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Born 1978 in Okayama prefecture, Shitamichi Motoyuki graduated Musashino Art University College of Art and Design Department of Painting in 2001.  He later left Tokyo College of Photography in 2003 to pursue his art. Traveling and traversing both domestically and abroad, Shitamichi captures action-provoking sceneries through pictures and text. He published photography collection "Sensō no katachi" (Shapes of War) in 2005; it shows the current state of war remains that dot landscapes across Japan. After that, he went searching for torii outside Japan and is currently in production of his "Torii" series, which portray Japan's former  national borders.

He has also traveled the country visiting owners of his grandfather's paintings to see in what spaces they are placed and how each owner responds to the paintings. He published their pictures and the owners' recollections in his "Nichiyōbi Gaka" (Sunday painter). He also discovered the creativity of unknown layman artists like poster column creators and everyday writers of yoji jukugo--Japanese four-character idiomatic expressions--and gathered them in his work "Sunday creators". In recent years, he has been traveling Japan by motorcycle collecting pictures of bare structures born out necessity--boards straddling rice-paddy irrigation channels and concrete/wooden blocks stacked to reduce small level differences. He labels these structures hashi (bridge) and has collected them in his series "bridges".

He observes the scenes generated from people's casual actions in everyday life with an observant eye, which he then processes into works of art.
http://m-shitamichi.com/

Amanda BELANTARA

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Born 1979 in America, Amanda currently resides in Manchester, England. After graduating the University of Colorado Department of German literature in 2002, she completed her course in visual anthropology from the University of Manchester in 2007. She is a documentary visual and audio artist who researches ethnographies audio-visually, creating pieces which focus attention on the various images and sounds that emanate from people's behavior. One of her outstanding works is "Lifelibrary", which captures individuals' behaviors and the small sound which accompany them at the Manchester Central Library: the moment of finding a book from a vast ocean of writing; the figure of someone sitting in a chair, reading quietly and turning the pages; the act of a librarian collecting and organizing books. Other works include "Mimi ga kyutto suru" [Ears Are Dazzled, Touched by Sound] (Akiyoshidai International Art Village, 2009), a collective project in which sound diaries were created by residents from sounds heard daily in a certain region. These sounds were captured on video with a number of microphones and pieced together to weave a regional soundscape. Belantara experientially portrays a wealth of sounds within tranquility in each of her works.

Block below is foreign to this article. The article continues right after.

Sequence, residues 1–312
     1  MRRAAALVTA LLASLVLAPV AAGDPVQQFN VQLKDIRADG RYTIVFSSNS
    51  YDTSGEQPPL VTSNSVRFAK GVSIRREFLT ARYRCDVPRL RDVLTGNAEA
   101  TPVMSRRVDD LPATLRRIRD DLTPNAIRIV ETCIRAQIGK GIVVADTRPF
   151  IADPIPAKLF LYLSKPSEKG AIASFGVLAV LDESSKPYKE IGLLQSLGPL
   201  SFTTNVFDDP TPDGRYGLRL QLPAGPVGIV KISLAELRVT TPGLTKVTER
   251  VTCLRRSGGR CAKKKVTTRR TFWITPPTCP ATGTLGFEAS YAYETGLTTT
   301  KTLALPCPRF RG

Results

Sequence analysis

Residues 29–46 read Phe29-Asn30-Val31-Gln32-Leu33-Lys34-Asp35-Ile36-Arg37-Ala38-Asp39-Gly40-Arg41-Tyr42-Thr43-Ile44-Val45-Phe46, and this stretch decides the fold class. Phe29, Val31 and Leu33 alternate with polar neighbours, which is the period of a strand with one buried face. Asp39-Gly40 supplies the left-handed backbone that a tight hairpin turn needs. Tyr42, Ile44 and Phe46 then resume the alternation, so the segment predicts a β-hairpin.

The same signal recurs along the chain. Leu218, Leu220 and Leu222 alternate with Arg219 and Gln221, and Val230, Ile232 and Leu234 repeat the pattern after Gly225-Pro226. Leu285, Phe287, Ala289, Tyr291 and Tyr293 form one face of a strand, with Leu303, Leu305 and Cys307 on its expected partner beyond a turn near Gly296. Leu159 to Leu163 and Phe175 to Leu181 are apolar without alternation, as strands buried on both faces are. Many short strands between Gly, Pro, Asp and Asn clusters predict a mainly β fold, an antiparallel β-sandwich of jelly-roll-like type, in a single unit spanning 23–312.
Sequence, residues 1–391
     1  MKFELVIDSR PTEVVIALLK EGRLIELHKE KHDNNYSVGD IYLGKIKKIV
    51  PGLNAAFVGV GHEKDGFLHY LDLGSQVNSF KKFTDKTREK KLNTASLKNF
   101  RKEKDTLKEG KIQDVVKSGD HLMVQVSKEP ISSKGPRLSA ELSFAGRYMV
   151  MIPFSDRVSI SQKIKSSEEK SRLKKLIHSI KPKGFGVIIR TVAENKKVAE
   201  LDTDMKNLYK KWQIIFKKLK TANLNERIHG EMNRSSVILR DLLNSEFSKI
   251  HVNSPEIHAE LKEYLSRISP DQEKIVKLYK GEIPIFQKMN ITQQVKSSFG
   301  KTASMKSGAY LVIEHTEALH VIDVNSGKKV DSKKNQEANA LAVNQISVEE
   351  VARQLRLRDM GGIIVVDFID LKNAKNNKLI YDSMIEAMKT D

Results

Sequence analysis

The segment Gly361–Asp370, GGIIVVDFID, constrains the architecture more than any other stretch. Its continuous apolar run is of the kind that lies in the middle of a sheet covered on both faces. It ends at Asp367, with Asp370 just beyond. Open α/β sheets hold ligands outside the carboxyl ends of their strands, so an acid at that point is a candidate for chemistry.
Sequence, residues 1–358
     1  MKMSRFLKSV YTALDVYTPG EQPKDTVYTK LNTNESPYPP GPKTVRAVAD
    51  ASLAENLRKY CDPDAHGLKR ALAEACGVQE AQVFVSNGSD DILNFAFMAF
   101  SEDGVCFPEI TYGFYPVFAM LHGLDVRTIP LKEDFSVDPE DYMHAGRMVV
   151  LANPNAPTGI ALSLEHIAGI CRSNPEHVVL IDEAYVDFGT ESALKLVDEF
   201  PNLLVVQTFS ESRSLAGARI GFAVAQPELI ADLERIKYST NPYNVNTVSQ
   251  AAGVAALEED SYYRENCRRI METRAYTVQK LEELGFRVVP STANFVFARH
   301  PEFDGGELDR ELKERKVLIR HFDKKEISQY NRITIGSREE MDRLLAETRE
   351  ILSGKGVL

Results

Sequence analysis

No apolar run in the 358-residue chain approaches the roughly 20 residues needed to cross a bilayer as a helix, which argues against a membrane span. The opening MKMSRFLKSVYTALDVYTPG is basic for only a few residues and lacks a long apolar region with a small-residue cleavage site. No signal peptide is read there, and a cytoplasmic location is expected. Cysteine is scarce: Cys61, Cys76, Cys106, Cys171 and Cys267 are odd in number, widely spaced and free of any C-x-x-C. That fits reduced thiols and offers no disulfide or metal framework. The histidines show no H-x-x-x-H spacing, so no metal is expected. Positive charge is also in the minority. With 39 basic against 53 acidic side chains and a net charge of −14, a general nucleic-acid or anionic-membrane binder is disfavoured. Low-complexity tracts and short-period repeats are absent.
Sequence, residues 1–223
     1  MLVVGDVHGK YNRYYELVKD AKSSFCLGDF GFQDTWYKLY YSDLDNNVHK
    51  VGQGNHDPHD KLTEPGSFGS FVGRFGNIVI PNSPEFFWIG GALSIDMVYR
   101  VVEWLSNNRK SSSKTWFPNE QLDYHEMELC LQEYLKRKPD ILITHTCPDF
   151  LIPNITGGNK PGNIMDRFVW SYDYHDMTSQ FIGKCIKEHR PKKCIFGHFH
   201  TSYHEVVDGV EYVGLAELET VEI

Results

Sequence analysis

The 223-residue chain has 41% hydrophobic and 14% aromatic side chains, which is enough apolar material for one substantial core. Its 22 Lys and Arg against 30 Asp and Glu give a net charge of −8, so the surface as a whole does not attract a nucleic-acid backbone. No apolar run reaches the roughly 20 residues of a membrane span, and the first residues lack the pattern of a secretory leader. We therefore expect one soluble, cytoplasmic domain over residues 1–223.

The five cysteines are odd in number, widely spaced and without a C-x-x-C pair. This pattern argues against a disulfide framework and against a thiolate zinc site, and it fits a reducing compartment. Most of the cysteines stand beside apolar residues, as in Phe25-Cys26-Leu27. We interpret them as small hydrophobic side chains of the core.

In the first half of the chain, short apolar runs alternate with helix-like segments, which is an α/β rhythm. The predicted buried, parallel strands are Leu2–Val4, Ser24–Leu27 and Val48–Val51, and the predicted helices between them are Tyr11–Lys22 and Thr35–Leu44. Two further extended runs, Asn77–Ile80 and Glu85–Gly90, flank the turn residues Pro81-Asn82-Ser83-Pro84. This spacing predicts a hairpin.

http://www.amandabelantara.com/

Joo Choon Lin

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Born 1984 in Singapore, Joo Choon Lin currently resides in Glasgow, Scotland. Joo graduated from Nanyang Academy of Fine Arts. She creates hand drawing and stencil designs, everyday items, and stop motion animation (komadori animation) by using handmade-like models and objects. Deciphering the context of her art's placement, she creates her own space and what is to be placed where, and by superimposing her drawings builds fictional scenes where reality and imagination intersect. Sometimes she works with others around her to create stage settings, and at the 2009 Fukuoka Asian Art Triennale she created an environmentally-themed animation based on a diorama she created in a children's workshop. During the Aichi Trinnale 2010, she produced a fantastical and cheerful animation of fictional monsters scurrying about in a real background using the physical attributes of her surroundings in Nagoya and an old exhibition hall to her advantage.
http://www.joochoonlin.com/

Organized by:Aomori Contemporary Art Centre, Aomori Public College
In cooperation with: Aomori City Library, Hotel Yamagami, nap gallery, AIRS (Artist in Residence Supporters), ACAC Student Supporters, Midori Art Center (MAC)